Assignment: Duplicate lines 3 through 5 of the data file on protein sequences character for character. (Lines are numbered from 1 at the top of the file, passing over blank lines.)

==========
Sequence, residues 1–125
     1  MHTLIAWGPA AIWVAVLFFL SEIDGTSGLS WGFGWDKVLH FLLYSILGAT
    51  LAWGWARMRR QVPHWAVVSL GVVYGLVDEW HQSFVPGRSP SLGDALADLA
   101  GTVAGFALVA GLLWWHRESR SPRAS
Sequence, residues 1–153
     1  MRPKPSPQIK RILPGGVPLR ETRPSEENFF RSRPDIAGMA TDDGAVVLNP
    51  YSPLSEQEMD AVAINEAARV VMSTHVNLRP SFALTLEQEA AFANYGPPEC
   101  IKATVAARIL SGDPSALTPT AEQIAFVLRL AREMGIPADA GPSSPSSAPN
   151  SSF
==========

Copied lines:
    51  LAWGWARMRR QVPHWAVVSL GVVYGLVDEW HQSFVPGRSP SLGDALADLA
   101  GTVAGFALVA GLLWWHRESR SPRAS
Sequence, residues 1–153